Rose’s Successor on CBS Is Serious but Can Banter

Posted January 9, 2018 9:12 p.m. EST
Updated January 9, 2018 9:18 p.m. EST

The journalist John Dickerson is a Washington creature to his core: a presidential historian, repository of political trivia and scion of a glamorous Beltway family whose party guests regularly included Kennedys, Johnsons and Reagans.

Now, Dickerson, who until recently was better known as a political correspondent than as the host of the CBS Sunday show “Face the Nation,” is leaving the capital for a new job in New York: morning TV host.

CBS said on Tuesday that it had chosen Dickerson, 49, to replace Charlie Rose as the third member of the of “CBS This Morning” team, a spot left empty since Rose was fired in November after allegations of sexual harassment. Dickerson is to join the lineup of Gayle King and Norah O’Donnell, who have carved a niche as a news-driven morning team.

A genial on-air presence who speaks in a light Virginia accent, Dickerson received praise at “Face the Nation,” which he joined in 2015, for his rigorous, and at times academic, approach.

So how does he feel about shifting to the mornings — that is, banter central?

“It’s banter, but it’s not frivolous,” Dickerson said, affably, in an interview. “I’m totally juiced about doing that for two hours about everything that’s happening in the country.”

If NBC’s “Today” and ABC’s “Good Morning America” serve up a syrupy breakfast for viewers, “CBS This Morning” is opting for a high-fiber diet.

“They started this six years ago, which is to stay focused on the news, focus on what’s important, with as much original reporting as they can jam into a broadcast,” Dickerson said, adding, “I feel like I’m not just taking a flier.”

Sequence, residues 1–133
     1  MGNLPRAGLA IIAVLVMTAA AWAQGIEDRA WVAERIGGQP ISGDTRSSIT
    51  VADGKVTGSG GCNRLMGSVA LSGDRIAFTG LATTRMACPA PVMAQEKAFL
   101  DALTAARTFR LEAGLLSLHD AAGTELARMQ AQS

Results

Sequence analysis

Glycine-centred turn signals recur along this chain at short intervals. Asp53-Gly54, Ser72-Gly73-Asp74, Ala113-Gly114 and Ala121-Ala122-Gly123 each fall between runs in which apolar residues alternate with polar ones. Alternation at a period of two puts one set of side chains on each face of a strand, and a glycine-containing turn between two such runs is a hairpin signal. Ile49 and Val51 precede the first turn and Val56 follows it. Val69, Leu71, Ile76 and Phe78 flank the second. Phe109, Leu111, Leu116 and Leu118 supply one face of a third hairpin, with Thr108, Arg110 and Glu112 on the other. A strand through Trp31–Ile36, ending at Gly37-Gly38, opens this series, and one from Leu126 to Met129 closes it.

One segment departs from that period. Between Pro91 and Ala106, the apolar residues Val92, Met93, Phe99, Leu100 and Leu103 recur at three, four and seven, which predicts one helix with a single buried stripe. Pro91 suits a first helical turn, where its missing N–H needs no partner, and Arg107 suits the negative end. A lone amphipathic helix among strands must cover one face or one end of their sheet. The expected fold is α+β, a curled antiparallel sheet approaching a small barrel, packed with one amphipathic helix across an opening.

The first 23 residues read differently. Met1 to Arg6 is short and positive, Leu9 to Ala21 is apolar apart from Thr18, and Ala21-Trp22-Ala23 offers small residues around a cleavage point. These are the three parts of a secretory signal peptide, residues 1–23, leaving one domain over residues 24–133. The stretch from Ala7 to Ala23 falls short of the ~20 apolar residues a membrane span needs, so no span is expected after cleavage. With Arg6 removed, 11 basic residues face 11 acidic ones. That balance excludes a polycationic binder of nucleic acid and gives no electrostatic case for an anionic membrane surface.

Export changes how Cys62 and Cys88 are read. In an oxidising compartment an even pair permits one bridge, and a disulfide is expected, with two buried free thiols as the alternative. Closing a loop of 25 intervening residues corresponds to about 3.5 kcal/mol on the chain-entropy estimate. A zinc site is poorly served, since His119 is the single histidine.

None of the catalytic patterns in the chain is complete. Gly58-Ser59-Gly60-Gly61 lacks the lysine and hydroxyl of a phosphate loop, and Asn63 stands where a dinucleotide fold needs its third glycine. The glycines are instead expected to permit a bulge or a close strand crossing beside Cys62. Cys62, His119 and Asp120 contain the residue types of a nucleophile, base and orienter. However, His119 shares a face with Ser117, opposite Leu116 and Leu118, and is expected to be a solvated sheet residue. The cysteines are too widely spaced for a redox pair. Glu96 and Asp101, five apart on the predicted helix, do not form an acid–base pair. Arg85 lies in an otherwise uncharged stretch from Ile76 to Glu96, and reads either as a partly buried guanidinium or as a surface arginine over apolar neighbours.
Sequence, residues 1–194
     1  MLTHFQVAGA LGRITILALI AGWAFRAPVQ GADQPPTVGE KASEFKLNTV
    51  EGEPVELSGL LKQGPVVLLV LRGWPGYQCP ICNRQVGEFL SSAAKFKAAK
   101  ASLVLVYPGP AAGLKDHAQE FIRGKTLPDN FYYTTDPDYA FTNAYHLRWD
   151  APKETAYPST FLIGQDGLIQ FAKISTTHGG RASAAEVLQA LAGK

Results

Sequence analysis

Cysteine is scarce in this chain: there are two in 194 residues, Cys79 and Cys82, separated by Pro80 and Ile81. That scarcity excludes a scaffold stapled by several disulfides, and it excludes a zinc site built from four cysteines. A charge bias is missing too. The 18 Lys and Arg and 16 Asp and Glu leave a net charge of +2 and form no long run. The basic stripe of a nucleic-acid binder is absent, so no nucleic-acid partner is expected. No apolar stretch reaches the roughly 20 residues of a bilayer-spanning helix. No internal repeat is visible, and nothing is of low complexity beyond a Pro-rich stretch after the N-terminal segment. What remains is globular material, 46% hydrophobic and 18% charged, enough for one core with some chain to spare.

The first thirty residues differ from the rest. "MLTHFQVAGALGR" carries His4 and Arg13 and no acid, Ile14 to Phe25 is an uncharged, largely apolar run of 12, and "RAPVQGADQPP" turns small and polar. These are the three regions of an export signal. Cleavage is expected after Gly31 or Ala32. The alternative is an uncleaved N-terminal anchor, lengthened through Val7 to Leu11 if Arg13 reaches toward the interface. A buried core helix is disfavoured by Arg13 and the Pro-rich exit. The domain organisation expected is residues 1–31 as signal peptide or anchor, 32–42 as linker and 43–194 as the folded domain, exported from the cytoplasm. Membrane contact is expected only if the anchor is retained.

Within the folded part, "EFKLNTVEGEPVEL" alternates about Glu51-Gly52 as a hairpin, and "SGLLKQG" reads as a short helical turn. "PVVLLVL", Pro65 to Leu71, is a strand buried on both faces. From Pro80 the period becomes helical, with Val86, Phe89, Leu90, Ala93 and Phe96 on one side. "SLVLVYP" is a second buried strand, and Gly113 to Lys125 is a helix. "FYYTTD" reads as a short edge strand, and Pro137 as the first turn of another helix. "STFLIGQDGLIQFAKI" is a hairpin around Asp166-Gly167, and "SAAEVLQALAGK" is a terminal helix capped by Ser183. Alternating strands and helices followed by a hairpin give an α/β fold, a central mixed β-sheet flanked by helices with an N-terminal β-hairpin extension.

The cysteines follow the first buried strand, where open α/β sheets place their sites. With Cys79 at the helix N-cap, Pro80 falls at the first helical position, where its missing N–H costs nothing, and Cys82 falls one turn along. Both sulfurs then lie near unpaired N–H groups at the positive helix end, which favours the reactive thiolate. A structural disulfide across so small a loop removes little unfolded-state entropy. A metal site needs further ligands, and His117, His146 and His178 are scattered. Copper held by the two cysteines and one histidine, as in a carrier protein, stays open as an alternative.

Dickerson’s understated, occasionally old-fashioned style — he casually tosses the word “foursquare” into conversation — belies a shrewdness honed by years of campaign and political reporting. Before joining CBS, he covered the George W. Bush administration for Time magazine and wrote about politics for Slate, where he is a frequent guest on the “Political Gabfest” podcast.

David Rhodes, the CBS News president, was asked in an interview whether Dickerson was prepared for a TV genre typically known for its reliance on light chatter.

“I don’t want him to be light,” Rhodes said. “And I don’t want our show to be light. That doesn’t mean that each of them won’t be approachable to the audience. I think each of them is and can be. But we’re not hiring him for this program to be something that he’s not.”

Rhodes added that he believed real reporting had a place in the early hours of the TV day.

“I’m hoping that the audience sees John, sees Gayle, sees Norah, as serious journalists, and I think that’s our value proposition for a really large audience,” Rhodes said.

So far, that approach has paid off in the ratings. CBS, for years an also-ran in the morning show wars, has lately drawn within striking distance of its ABC and NBC rivals.

Dickerson — whose mother, Nancy Dickerson, in 1960 became the first female correspondent at CBS News — plans to move his family to New York and relinquish his duties at “Face the Nation.” CBS has not yet chosen his successor, effectively setting off a horse race for one of television’s most influential political roles.

Likely contenders include Major Garrett, CBS’s chief White House correspondent, and two of the network’s Washington reporters, Margaret Brennan and Nancy Cordes.

Dickerson, who is also a contributing editor at The Atlantic, said he planned to continue his political reporting. He is among the few television journalists outside Fox News who have interviewed President Donald Trump in the Oval Office. His persistent questions — specifically about Trump’s unsubstantiated claim that his campaign had been wiretapped by the Obama administration — so agitated the president that Trump abruptly walked out of the room.

The addition of Dickerson is the second major shift in morning TV this year. Last week, Hoda Kotb replaced longtime morning host Matt Lauer, who was fired after allegations of workplace sexual misconduct, as a co-anchor for the opening hours of “Today.”